That's What She Said

Road Trip Redux

Litigation Value: Nothing this week, at least not from an employment law perspective. But beware next year’s version of Recyclops. At the rate Dwight Schrute is going, he’s going to wreak some real havoc.

This week’s repeat episode has Michael Scott and His Merry Men (Andy, Dwight and Oscar) off to New York — in a stretch limo no less (no Town Car here) — to attend the Dunder Mifflin shareholders’ meeting. Michael’s presence is intended to allow management to trot out one of the few success stories at the beleaguered company, which finds itself on the brink of bankruptcy (as Michael promptly blabs over a hot mike).

This being The Office, hijinks ensue, with Michael, unable to contain himself in the face of booing stockholders, promising that the executives will create a 45-point, 45-day plan to right the foundering ship — all during a 15-minute break. Back in the “hospitality” room, Michael is berated and belittled by the executives, culminating in Michael and “the Congressman” calling each other morons. Michael and his gang promptly hustle back to the limo and the safety of Scranton.

Meanwhile, back at the (b)ranch, Jim Halpert is facing a passive aggressive mutiny, led by Ryan, the gist of which is that “co-manager” Jim is perceived as less of a manager than Michael is. Jim’s solution? Make an example of Ryan (who truly is deserving of being made an example) by banishing him to a new “office” in a tiny storage closet. The plan seems to work — but at a long-term cost, as this later leads to Ryan joining forces with Dwight against Jim.

Although there are the typical stray remarks here and there (mostly directed at Oscar), there is no real risk of liability from an employment law perspective. (Could well be some interesting shareholder suits against the company, given the tremendous drop in stock price during the meeting, but I digress.)  So I thought I’d talk about an issue that struck me while watching this episode again: setting up employees to fail by not clearly explaining expectations, roles, and duties.  The most obvious example of this is Jim.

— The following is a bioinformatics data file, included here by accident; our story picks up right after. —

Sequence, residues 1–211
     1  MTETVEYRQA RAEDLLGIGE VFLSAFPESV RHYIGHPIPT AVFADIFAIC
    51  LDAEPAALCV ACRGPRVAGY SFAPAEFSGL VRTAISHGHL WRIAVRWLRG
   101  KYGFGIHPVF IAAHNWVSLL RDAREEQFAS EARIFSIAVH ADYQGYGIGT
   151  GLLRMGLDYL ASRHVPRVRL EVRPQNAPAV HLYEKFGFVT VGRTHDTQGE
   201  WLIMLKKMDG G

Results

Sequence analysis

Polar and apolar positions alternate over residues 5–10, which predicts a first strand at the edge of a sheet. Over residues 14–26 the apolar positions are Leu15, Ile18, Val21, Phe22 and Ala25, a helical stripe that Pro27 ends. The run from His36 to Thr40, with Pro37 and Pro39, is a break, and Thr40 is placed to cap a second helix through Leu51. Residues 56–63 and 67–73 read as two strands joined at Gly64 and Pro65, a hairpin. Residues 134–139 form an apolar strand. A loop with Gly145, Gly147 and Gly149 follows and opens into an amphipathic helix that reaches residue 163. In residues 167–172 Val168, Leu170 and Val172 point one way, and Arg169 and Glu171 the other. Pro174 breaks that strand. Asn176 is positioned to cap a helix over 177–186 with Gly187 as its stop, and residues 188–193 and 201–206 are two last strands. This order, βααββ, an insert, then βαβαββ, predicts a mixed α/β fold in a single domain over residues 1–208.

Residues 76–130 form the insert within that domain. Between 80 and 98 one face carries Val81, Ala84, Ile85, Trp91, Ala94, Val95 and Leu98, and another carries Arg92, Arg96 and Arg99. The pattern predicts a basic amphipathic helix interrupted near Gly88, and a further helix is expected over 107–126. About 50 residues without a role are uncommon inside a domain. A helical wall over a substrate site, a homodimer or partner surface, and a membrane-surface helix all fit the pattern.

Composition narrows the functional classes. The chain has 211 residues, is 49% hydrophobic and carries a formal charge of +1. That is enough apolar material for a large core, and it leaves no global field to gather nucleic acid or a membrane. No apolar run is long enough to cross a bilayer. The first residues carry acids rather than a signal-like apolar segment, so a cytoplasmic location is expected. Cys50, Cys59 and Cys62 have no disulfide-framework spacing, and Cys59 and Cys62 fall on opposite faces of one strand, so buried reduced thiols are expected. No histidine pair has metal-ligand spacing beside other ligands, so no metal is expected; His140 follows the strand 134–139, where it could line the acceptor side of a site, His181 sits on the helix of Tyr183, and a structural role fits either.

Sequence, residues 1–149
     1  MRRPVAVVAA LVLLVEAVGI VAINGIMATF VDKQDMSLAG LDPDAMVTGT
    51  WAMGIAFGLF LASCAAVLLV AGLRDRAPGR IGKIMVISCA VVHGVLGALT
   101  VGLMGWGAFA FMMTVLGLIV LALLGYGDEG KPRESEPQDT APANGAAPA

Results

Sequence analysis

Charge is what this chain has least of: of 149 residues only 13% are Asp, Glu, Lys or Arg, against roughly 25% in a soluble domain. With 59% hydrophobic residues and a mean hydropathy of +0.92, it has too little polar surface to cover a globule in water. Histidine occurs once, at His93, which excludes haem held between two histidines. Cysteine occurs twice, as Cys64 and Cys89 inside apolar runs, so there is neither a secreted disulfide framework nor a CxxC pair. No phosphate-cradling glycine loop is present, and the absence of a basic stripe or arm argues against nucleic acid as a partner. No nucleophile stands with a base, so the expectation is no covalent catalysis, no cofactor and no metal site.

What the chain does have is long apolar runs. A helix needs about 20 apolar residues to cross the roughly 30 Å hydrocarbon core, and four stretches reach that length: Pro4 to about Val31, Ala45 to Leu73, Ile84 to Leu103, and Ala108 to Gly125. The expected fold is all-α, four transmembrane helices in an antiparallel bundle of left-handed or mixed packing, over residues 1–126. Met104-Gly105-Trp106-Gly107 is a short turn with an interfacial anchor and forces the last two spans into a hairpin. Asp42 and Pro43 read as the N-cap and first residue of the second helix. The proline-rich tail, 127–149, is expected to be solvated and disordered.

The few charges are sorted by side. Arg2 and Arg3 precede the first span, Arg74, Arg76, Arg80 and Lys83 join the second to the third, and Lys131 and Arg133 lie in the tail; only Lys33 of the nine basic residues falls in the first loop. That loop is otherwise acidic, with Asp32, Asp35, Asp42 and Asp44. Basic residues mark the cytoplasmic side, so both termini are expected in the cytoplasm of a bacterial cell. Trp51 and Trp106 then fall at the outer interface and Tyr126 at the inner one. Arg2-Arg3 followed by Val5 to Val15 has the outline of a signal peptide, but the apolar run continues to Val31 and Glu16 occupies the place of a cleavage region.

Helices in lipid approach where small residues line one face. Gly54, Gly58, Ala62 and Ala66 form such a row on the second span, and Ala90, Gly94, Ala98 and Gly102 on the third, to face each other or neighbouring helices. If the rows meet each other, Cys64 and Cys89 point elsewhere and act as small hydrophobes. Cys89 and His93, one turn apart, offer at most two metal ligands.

No one in the office — including Jim himself — knew whether he had the ability to discipline, leading to a total lack of respect for his authority as a manager and Jim’s somewhat over-the-top response. Michael, for all of his own cringe-worthy behavior at the stockholders’ meeting, can lay some of the blame at the feet of those who did not prepare him for what he could expect at the meeting, and what they expected from him there. Finally, Oscar is summoned by Michael, with no advance notice, to a meeting with the brass where Oscar is supposed to come up with a plan in 15 minutes to save DMI’s bacon. Oscar, naturally, feels embarrassed by being put on the spot in this fashion.

In each case, the individual felt as if he were in a big, big sea in a small, small boat, leaving him to flail about as best he could, with less than optimal results. That doesn’t benefit the employee or the company. Clearly communicating with employees about what they can expect from their job, and what is expected from them, can avoid problems down the road.

Jolly Holly season? The end of summer is drawing near (how can it be August already?), which means the last season of The Office with Steve Carell as a cast member. To those who are skeptical that the show can survive, I felt the same way when David Caruso left NYPD Blue, and the show did just fine without him.  The producers will have to come up with the right character(s) and actor(s), however, and that will be a tricky endeavor. Me? I’m just hoping that Holly re-enters the picture sometime during the season. Michael deserves some happiness!